Our counselors have helped many parents concerned about their millennial-age kids: Should they take a year off from their studies? Why do they seem like they lack direction? Should they take on more responsibility? Why aren’t they looking to settle down?
It can be a challenging road to walk. As I recently wrote in my post about young adults living at home with their parents, the Bible is largely silent on the topic of adult children. Also, “extended adolescence” – what some call the “Peter Pan Syndrome” – is still a relatively new phenomenon. It’s no wonder parents feel like their relationships with their 20- and 30-something children seem a bit like uncharted territory.
Today I wanted to offer those parents some good insight prepared by Boundless, Focus’ outreach to young adults. As Boundless works out its mission to help Christian singles and young adults prepare for marriage and family, it uses six “maturity markers” as guides.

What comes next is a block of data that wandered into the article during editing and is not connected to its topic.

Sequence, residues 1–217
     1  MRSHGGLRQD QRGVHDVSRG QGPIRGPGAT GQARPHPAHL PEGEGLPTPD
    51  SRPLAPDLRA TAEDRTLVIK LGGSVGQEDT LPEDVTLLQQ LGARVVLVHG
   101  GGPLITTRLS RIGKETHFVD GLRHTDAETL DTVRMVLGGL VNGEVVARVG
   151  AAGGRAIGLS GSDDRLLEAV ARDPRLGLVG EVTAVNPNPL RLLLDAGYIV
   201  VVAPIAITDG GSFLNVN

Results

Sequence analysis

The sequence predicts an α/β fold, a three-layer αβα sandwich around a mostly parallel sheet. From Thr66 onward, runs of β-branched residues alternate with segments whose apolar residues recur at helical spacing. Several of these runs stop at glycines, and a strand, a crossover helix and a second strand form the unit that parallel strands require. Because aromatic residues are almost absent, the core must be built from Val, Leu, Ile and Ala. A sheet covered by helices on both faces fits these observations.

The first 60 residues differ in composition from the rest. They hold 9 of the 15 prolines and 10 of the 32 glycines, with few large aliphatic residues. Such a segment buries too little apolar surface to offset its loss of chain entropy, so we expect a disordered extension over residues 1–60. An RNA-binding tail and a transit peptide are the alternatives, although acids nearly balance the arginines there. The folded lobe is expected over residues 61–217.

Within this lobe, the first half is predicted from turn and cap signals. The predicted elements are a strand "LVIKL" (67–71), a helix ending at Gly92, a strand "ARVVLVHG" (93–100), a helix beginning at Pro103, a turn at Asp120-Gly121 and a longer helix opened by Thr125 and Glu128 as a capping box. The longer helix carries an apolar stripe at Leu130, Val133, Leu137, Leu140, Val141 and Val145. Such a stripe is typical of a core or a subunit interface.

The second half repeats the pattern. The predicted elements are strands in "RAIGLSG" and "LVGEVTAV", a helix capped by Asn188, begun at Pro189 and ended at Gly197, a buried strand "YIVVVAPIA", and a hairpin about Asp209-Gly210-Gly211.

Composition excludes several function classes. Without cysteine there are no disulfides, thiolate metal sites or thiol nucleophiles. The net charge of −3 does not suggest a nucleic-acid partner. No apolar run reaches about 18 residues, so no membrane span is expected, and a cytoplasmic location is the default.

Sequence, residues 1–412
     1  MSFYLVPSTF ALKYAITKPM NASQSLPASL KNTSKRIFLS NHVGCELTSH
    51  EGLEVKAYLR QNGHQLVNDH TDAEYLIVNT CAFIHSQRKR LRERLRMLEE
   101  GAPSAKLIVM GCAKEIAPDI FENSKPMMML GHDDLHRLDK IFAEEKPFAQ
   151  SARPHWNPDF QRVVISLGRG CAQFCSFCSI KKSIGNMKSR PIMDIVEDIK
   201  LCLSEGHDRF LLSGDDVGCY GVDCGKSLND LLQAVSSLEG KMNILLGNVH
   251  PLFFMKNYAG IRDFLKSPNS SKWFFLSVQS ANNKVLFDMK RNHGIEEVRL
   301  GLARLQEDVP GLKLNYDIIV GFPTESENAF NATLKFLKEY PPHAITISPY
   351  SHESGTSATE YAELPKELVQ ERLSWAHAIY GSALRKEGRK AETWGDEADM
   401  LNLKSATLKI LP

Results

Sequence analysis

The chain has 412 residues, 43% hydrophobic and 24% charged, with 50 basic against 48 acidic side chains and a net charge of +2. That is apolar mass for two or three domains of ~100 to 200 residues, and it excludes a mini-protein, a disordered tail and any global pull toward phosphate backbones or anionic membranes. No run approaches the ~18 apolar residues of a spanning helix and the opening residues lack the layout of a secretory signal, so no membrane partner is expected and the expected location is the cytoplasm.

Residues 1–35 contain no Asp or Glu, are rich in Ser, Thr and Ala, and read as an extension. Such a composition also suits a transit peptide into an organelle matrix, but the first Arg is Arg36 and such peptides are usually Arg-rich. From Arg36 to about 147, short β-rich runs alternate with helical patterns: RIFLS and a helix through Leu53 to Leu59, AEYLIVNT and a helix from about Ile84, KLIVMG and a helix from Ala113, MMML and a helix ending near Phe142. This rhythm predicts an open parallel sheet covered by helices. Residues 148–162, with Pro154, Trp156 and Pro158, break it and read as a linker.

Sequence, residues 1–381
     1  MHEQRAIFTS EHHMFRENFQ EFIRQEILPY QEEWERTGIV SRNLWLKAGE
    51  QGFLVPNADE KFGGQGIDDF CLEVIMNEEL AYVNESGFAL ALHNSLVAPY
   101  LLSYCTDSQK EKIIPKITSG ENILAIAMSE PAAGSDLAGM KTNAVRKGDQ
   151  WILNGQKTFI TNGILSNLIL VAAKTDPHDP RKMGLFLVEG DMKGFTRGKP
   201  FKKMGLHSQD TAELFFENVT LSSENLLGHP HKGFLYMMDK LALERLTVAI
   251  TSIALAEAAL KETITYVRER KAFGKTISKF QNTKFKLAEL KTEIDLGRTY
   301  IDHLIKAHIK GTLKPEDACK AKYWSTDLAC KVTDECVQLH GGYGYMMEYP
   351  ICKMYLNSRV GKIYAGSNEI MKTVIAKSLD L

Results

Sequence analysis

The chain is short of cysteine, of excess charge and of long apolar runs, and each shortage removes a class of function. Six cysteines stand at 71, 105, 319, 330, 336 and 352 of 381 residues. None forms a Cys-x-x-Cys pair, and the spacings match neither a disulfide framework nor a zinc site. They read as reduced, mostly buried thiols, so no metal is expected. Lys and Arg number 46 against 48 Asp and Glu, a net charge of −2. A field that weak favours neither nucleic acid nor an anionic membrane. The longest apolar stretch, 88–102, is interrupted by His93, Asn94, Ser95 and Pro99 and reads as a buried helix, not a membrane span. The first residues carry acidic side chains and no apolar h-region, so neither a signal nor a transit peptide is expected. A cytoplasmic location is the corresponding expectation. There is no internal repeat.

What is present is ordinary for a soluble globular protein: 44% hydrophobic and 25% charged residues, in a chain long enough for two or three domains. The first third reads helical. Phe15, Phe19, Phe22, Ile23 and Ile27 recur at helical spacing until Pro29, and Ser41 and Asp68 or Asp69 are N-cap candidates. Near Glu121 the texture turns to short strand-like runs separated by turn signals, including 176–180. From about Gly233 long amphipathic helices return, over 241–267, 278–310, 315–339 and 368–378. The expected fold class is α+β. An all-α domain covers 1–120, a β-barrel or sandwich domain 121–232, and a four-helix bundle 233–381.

I think that these principles of mature living will help parents better discern their adult child’s situation because it cuts through the trappings of modern life. It also delves into the heart issues that should be a parent’s main concern. In other words, what may seem unconventional to you might still be producing good fruit. Conversely, the decisions the Millennial in your life is making may be what everyone’s doing – but that doesn’t necessarily mean it’s what your daughter or son should be doing.
So, here are the six markers of maturity parents can teach their young kids, and encourage their older children to reach.
2. Accountable involvement in a Gospel-centered church community
3. Willingness to master life skills and shoulder responsibility
4. Is a contributor to the community and a leader in spheres of influence
5. Ability to sustain and grow healthy relationships with family, friends, neighbors and co-workers
6. Is actively pursuing marriage and family or the next stage of life
I’m interested to know what you think about this list. How do your kids measure up? Do you think it’s complete? Is there any point you’d add or take away?
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